The predicament of Wencelito Gomez was typical of a Filipino farmer in constant struggle to make a living. Like most of his peers in Nueva Ecija, he found it difficult to find a steady market for his crops. He even experienced watching helplessly as the onions harvested from his small piece of land rotted in storage or sold for as low as one peso per kilo.
Meanwhile, Jollibee Foods Corporation (JFC) was in search of reliable suppliers to provide raw materials for its products. The company was also aware that the farmers who produced fresh vegetables were also in need of a market. JFC saw the potential benefits of an Inclusive Business approach: Linking small farmers to the company’s supply chain to help increase their income.
Jollibee Foods Corporation provides steady market to small farmers
The challenge, however, was in small farmers’ capability to supply the big volumes of high-quality produce that Jollibee needed on a regular basis.
Thus the Farmer Entrepreneurship Program (FEP) came into being in 2008, to usher small farmers into the supply chain of JFC and other institutional markets. The program, initiated by the Jollibee Group Foundation (JGF) with its partners, looked into the realities of small farmers: small farm land size, traditional farming techniques, and limited access to production capital.
With support from government agencies, microfinance institutions, academe and non-government organizations, the FEP came up with various interventions to bridge the gap between small farmers and an institutional market such as JFC.
These interventions are organizing farmers to enable product consolidation and meet volume requirements; business coaching to ensure quality is sustained; and cost recording for farmers to account their production costs and project their income. These records became the basis for the farmers to take out loans and expand their operations.
In San Jose City, Nueva Ecija, one of the FEP pilot sites, Gomez and other onion farmers in Barangays Kaliwanagan and San Agustin joined to form the Kalasag Farmers Producers Cooperative and take part in the program. They underwent trainings on agro-enterprise development that prepare farmer-groups for them to be able to supply institutional markets, which include partnership building, market research, cluster formation, and actual market delivery.
In 2009, Kalasag began supplying JFC with white bulb onions. On its first attempt, the cooperative was unable to meet its commitment of 90 metric tons as heavy rains destroyed crops and a considerable amount of the produce ended up not meeting JFC’s product standard.
The following year, however, the Kalasag farmers bounced back and the cooperative was able to deliver 245 metric tons of onions.
The Kalasag farmers have since diversified product outputs to maximize use of their farms during the off-seasons for onions. In 2014, they began supplying chili peppers to JFC and was able to sustain year-round delivery.
Since 2011, they have also been supplying to other clients.
As explained by Gomez:
“JGF has been very generous and even supportive of our linkage to other companies. With their guidance, we are now supplying onions to CDO Foodsphere, Inc. and Splash Foods Corporation. We do not have to worry now as we have a ready market for our products. We can now plant more and more crops knowing we will be able to sell them, thanks to JGF.”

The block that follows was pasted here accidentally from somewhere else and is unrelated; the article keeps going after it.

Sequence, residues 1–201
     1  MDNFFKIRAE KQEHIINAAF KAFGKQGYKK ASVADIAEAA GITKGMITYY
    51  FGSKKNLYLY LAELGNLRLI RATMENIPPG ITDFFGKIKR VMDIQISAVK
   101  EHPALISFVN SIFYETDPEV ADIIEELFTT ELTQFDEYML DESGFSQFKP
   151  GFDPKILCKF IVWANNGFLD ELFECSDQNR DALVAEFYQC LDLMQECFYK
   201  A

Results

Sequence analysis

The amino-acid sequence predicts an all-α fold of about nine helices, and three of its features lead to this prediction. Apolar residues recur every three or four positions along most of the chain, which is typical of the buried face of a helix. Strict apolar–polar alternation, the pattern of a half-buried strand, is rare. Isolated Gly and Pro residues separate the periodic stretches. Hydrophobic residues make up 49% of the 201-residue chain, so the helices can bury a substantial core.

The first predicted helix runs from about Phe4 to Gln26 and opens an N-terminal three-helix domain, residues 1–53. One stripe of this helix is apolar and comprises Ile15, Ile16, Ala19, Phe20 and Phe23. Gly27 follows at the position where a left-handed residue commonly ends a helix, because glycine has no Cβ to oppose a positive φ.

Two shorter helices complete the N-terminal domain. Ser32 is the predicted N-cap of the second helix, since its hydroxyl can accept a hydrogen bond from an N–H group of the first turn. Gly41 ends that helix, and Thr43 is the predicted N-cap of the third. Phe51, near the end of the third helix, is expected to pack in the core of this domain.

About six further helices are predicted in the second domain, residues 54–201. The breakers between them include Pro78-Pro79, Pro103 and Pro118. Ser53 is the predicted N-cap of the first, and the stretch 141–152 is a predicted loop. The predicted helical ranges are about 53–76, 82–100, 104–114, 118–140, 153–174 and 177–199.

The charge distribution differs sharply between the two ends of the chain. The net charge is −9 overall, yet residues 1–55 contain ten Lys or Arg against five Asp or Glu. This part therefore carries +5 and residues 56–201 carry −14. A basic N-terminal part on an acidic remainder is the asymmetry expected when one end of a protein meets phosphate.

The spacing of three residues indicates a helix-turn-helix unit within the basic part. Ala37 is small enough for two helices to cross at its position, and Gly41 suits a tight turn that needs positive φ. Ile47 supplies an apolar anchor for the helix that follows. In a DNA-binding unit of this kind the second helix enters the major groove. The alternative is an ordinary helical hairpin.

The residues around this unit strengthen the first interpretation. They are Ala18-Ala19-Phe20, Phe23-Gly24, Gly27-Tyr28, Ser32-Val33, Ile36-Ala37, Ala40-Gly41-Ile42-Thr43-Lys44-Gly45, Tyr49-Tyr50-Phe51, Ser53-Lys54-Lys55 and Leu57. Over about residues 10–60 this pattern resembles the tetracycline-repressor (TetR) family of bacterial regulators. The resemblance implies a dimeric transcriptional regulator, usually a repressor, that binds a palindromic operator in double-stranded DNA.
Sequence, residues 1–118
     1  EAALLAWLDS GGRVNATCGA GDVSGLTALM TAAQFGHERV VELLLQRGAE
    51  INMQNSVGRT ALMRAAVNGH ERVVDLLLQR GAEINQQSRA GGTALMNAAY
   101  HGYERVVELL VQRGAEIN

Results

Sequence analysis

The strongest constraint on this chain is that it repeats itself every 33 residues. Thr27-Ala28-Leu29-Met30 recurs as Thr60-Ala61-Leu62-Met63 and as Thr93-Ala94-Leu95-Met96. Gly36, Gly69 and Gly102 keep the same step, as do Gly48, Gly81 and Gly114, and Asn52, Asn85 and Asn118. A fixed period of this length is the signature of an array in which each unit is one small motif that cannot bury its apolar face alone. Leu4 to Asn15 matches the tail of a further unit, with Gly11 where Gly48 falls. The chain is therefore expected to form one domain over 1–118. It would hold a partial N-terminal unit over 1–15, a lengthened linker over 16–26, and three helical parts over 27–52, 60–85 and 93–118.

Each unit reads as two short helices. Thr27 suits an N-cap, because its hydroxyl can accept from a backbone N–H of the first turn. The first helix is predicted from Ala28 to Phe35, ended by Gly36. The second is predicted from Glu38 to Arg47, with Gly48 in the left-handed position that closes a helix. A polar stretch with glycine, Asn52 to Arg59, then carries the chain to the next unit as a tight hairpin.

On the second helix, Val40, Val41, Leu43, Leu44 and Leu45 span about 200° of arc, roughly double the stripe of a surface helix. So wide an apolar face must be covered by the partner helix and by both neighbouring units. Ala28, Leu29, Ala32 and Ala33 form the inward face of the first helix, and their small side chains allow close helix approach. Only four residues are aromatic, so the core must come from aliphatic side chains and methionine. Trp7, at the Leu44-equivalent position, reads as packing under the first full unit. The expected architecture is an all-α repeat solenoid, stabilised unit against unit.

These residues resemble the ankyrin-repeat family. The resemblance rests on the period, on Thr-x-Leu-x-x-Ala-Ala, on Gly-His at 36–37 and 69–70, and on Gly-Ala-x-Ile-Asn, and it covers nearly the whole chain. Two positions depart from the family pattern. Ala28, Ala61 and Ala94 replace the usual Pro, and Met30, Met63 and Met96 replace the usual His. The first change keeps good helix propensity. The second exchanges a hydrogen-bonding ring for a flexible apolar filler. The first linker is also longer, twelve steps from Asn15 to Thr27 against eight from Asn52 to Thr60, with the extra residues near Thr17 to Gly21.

As of 2016, the 12 farmer groups in the country affiliated with FEP, including Kalasag, have delivered a total of 740 metric tons of produce to JFC. These include white onions, salad tomatoes, bell peppers, chili peppers, calamansi, and assorted vegetables. Some 20 percent of JFC’s vegetable requirements now come directly from farmer groups.
“We do not have to worry now as we have a ready market for our products. We can now plant more and more crops knowing we will be able to sell it, thanks to JGF.”
Gomez, who started with a one-hectare farm inherited from his father, was able to expand his land to five hectares by 2015.
“Farming is the only source of money for my kids’ schooling. If not for the income I’m getting now, I won’t be able to send my children to school. My eldest is now a third year Accountancy student and the youngest is in Grade 10.”
The farmers’ increased yield and reduced costs translated into a better income for them and other members of the community. The farmers also gained confidence and can now see themselves as rightful business partners of large institutions. More importantly, they are willing to share what they have learned with other farmers wanting to become Business partners too.
“Farming is the only source of money for my kids’ schooling. If not for the income I’m getting now, I won’t be able to send to school my children. My eldest is now a third year Accountancy student and youngest is in Grade 10.”
In the process of helping the farmers, the JFC benefited as well. Having farmers directly supplying a significant percentage of its raw materials diversified its supply base and led to faster response time for urgent requirements. This initiative also made JFC employees even prouder to be part of the company.
Lastly, the FEP experience provided insights on doing Social Innovations to address systemic social issues like poverty and hunger. These include the advantage of focusing on what the business organization does well and the resources that are readily within its reach to maximize impact and ensure sustainability.
The program showed the importance of engaging various stakeholders, especially the government, to ensure success and scale up interventions that would benefit farmers and the broader communities where they are.
This story is part of a series of articles written by GO NEGOSYO writers being published by GoodNewsPilipinas.com as part of our support to Philippine businesses.